• Tuesday, February 27, 2024
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Edo, Ondo guber: Why politicians, parties must tread softly

Osagie-Ize-Iyamu and Godwin-Obaseki

With few weeks to the gubernatorial elections in Edo and Ondo States, stakeholders have expressed worry over the political tension in both states which has aggravated in recent days. They have subsequently urged the politicians and their political parties to tread cautiously in order not to plunge the states into anarchy.

Commentators who spoke with BDSUNDAY advised politicians and their political parties, particularly those from other states going to Edo for campaign, not to destroy the state with their intemperate utterances.

“Already the state has been set on fire. Remember when Governor Abdullahi Ganduje of Kano State said they would put Governor Nyesom Wike of Rivers in isolation centre until election was over; Wike replied that he was not like the Kano governor having a moral weight of allegation of stuffing bribe money (dollar) in his flowing gown in front of camera,” Francis Nworie, an entrepreneur, said.

“If you observe very well, presentation of manifestos is no longer the in-thing, but the campaign is about use of base language and innuendos against opponents. These have caused tempers to rise, heightening the possibility of violence-riddled exercise on September 19 in Edo. For me, I think that Edo people should be spared all of these,” Nworie further said.

Analysts also expressed worries over the apparent “Sidon look” attitude of the Independent National Electoral Commission (INEC) and security agencies.

“I had thought that the INEC had a mechanism for checking politicians, parties and candidates whose actions constitute a huge threat to the peaceful conduct of elections,” Alex Peters, a civil servant, said.

According to Peters, “It appears to me that either some people are compromised that they no longer carry out their functions or they are deficient of professionalism in their work. We saw what happened in Kogi last year; it did not just break out spontaneously, it had been rehearsed and practised all through the campaign period. But nobody cared to nip it in the board. Something tells me that despite all the hues and cries now attending to the too many signals pointing to a violent exercise, the relevant authorities are like the Roman Emperor Nero, fiddling while Rome was on fire.”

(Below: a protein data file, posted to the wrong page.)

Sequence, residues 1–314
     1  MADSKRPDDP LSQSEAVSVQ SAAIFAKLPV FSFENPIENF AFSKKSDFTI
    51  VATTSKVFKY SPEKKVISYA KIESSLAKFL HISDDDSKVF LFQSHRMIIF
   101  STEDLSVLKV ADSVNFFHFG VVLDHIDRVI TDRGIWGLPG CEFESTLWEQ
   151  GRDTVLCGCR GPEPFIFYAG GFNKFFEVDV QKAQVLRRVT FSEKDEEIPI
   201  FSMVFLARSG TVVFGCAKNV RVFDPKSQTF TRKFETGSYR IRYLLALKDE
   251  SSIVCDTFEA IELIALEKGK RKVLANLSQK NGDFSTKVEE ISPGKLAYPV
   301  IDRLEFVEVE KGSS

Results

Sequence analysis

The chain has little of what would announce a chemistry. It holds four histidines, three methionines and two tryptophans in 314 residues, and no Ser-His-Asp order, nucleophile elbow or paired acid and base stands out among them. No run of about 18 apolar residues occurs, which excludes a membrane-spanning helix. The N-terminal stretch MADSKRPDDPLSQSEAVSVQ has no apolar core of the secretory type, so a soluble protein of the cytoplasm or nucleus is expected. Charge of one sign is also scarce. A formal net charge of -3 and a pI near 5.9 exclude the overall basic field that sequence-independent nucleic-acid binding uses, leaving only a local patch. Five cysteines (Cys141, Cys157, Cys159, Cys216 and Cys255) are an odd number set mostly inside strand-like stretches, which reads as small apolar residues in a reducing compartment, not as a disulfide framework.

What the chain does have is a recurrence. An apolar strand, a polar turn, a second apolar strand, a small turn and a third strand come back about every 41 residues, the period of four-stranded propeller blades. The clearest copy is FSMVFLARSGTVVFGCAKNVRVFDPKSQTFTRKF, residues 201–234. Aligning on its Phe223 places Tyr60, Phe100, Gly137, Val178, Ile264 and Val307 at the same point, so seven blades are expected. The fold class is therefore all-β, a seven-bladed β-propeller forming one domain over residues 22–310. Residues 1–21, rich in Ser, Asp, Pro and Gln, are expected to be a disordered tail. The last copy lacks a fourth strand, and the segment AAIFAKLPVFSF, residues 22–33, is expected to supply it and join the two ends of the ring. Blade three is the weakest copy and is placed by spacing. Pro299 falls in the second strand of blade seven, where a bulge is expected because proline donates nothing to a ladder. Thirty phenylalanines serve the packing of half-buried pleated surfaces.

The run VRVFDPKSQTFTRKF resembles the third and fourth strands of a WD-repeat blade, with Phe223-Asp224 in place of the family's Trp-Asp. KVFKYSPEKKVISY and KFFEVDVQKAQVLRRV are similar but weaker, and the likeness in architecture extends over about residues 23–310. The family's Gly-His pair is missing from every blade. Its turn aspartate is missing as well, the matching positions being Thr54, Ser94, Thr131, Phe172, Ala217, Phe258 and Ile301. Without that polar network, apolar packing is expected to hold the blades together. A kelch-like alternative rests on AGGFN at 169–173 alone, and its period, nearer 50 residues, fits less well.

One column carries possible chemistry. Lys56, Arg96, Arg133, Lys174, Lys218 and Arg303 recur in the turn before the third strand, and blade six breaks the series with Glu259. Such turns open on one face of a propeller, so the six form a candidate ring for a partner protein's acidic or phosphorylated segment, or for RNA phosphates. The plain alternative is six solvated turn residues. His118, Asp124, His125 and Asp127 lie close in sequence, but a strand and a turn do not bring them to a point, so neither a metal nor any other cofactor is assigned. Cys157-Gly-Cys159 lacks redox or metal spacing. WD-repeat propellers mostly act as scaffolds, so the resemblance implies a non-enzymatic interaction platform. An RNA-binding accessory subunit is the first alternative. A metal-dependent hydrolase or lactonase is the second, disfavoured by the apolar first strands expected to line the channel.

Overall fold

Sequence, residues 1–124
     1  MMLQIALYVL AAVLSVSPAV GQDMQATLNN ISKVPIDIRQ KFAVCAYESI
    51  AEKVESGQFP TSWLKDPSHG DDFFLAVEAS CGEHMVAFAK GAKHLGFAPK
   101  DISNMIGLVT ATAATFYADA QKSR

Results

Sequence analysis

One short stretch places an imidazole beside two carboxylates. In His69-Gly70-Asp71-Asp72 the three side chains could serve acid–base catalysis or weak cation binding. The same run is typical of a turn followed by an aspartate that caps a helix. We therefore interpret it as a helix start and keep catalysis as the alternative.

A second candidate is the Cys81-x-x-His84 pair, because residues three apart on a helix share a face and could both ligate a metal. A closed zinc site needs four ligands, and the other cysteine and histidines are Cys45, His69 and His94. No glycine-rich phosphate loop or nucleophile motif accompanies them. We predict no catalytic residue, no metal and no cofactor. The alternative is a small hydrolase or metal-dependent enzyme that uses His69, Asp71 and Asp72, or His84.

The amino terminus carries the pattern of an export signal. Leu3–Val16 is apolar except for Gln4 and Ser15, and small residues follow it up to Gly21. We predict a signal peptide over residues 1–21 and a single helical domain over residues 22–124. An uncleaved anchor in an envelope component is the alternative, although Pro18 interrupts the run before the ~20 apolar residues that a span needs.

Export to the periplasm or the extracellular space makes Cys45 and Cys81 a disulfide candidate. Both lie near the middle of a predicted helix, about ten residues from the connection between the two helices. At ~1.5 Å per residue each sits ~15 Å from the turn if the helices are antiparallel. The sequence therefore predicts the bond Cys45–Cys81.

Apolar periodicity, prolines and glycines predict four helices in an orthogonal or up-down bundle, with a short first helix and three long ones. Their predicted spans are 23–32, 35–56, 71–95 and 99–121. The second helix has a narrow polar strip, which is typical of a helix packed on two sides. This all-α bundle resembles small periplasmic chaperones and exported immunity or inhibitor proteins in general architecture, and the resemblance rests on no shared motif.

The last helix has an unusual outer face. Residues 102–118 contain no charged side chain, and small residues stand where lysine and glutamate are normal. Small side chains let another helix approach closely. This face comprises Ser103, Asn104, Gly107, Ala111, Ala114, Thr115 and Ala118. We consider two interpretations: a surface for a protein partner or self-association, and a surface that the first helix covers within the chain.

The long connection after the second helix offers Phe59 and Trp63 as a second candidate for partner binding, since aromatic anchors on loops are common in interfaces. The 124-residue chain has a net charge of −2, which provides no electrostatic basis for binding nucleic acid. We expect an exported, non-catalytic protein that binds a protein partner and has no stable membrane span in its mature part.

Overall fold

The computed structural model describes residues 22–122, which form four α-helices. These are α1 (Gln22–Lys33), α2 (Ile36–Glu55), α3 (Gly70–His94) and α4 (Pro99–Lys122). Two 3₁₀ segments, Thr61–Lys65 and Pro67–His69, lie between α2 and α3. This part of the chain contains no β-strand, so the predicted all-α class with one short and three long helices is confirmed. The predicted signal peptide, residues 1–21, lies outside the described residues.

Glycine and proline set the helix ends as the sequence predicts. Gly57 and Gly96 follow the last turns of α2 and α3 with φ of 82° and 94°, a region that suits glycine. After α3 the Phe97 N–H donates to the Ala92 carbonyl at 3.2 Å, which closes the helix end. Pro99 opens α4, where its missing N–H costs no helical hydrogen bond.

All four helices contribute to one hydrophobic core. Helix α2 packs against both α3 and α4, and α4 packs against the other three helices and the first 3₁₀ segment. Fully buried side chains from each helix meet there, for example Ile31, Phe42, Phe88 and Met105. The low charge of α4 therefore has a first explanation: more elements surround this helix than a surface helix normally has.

Recall that the Independent National Electoral Commission (INEC) had fixed the Edo gubernatorial election for September 19, while the Ondo election is slated for October 10.

In Edo State, incumbent Governor, Godwin Obaseki, who is the candidate of the main opposition People’s Democratic Party (PDP) is facing a fierce challenge from his main rival, Osagie Ize-Iyamu, candidate of the ruling All Progressives Congress (APC).

Both had previously contested the gubernatorial election in 2016 in which Obaseki emerged winner.

However, after the intrigues that led to their emergence as candidates of their respective parties, the battle was shifted to the campaign ground.

But a key factor in the Edo election that cannot be ignored is Adams Oshiomhole, who recently lost his position as the national chairman of the APC. Ironically, in their first contest in 2016, Oshiomhole, the presumed leader of the two political actors, was the major force behind Obaseki against Ize-Iyamu.

Today, the situation has completely changed, as Oshiomhole is now the major force behind Ize-Iyamu against Obaseki.

In the last few weeks, there has been increased desperation within the two political camps in the state, all in attempts to control the state and gain upper hand ahead of the election.

One of such was the recent attempt to forcefully take control of the state legislature by the pro-Oshiomhole lawmakers.